Talent outshines script
- Dawn Taylor
- Portland Tribune - Features
Tax attorney Peter Sanderson is a lonely man. A divorced workaholic, he can't make time for his two children, and the only woman in his life is Charlene, a fellow lawyer he met in an online chat room with whom he corresponds over the Internet.
We're predisposed to like Peter. He's played by Steve Martin and, well, Steve Martin is damned likable. Sure, Peter's filthy rich and he neglects his family and, well, he's a lawyer Ñ but when Martin scrunches his nose and twinkles his eyes, it's easy to overlook the character's obvious flaws.
Peter lives in a very Caucasian world. All of his lawyerly colleagues (including Michael Rosenbaum, Lex Luthor on 'Smallville,' wearing a very terrible wig) are WASPs and his bigoted neighbor (Betty White) happens to be the sister of one of his ultraconservative bosses. He even belongs to a country club É the kind where, you know, everybody's very, very white.
So it's quite the stunner when Peter sets up a meeting with Charlene, and she turns out to be very, very not white. In fact, she's Queen Latifah! And she's not a lawyer, she's an ex-con! And she needs help from Peter because she was framed for armed robbery and wants to clear her name!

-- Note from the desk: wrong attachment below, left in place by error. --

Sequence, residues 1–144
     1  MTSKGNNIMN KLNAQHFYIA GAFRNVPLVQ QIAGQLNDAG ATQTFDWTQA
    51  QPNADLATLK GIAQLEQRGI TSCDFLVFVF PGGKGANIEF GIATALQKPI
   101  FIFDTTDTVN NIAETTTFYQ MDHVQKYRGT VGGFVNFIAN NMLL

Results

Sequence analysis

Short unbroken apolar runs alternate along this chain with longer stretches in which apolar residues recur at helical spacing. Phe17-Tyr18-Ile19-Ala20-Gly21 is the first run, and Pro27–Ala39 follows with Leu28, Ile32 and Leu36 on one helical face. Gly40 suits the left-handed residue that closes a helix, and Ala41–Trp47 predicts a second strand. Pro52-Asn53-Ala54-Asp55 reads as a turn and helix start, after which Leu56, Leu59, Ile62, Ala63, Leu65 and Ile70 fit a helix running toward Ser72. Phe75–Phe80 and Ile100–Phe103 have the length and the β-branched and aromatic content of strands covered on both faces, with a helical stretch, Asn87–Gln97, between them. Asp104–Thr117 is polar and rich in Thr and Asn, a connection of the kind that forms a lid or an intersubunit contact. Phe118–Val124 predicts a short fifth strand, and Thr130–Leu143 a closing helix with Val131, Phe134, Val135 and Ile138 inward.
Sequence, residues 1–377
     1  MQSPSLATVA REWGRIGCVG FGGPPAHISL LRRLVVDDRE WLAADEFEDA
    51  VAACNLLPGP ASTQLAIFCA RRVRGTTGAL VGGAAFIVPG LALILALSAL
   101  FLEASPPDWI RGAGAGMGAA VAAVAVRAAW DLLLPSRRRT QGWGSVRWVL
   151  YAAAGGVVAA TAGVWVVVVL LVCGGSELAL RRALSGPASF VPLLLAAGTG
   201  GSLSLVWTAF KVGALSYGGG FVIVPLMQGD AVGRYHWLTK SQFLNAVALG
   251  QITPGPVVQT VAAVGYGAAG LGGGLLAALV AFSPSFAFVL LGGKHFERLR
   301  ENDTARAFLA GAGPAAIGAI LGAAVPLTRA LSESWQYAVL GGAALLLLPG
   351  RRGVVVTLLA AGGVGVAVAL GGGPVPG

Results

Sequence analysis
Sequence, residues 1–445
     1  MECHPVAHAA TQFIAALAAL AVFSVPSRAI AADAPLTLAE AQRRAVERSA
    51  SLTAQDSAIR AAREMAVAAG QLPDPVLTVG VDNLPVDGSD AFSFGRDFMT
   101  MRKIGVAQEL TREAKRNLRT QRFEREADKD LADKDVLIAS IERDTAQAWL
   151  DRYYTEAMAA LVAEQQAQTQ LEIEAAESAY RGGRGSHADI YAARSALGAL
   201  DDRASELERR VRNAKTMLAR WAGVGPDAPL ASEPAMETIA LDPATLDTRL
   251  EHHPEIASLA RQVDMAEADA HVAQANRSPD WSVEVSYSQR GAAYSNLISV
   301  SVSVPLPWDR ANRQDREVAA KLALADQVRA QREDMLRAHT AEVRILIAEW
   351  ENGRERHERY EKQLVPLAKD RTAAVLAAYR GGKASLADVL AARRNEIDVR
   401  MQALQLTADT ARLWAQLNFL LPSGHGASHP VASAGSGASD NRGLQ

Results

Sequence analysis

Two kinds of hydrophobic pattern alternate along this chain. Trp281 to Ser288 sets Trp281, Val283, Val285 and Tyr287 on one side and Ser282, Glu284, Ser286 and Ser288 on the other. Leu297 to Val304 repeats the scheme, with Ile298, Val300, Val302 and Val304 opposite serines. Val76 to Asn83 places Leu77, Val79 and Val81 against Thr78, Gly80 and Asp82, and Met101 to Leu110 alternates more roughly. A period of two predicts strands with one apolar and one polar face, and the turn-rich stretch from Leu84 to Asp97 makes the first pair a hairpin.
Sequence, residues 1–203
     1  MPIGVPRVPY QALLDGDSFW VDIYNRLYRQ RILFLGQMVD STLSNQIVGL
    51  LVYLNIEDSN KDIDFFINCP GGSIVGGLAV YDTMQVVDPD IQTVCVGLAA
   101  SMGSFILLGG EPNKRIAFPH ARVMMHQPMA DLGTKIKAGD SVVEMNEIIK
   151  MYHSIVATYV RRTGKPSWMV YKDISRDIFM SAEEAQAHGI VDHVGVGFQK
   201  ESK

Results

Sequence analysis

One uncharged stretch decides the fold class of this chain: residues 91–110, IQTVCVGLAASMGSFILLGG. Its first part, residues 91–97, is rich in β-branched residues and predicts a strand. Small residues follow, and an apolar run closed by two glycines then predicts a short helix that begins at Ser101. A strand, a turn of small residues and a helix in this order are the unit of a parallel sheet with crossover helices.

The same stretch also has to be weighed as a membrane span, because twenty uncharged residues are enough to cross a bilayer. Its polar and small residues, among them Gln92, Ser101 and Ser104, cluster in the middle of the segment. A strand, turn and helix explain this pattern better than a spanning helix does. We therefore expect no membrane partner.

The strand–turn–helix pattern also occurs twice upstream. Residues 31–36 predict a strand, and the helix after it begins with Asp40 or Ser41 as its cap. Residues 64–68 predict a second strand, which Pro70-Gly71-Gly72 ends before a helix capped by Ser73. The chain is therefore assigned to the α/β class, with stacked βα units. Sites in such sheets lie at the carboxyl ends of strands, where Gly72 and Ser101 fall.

Oh, the hilarity.
The script for 'Bring Down the House,' written by first-timer Jason Filardi, attempts to breathe life into the tired 'unwanted houseguest teaches a valuable life lesson' comedy genre by playing the wacky race card. And while Martin and Latifah are immensely likable, the tawdry use of racial stereotypes as the basis for the film's humor is discomfiting.
The fact that there are genuine, laugh-out-loud moments in the film are due exclusively to the talents of the cast Ñ Martin is at the top of his game, making even the most hackneyed dialogue sparkle through brilliant comedic timing, and Latifah brings humanity to the tired, abrasive-bimbo-with-a-heart-of-gold character.
Also on the plus side, Eugene Levy plays Peter's colleague, Howie, who's dazzled by Charlene's voluptuous charms. In a role that could have been a cringe-worthy disaster, Levy steals every one of his scenes, offering a welcome dose of colorblindness to this embarrassing throwback of a movie.
In spite of its occasional charms, 'House' is just another dumb comedy about uptight white folk being taught lessons by a shuckin'-and-jivin' Negro. Haven't we grown past this, yet?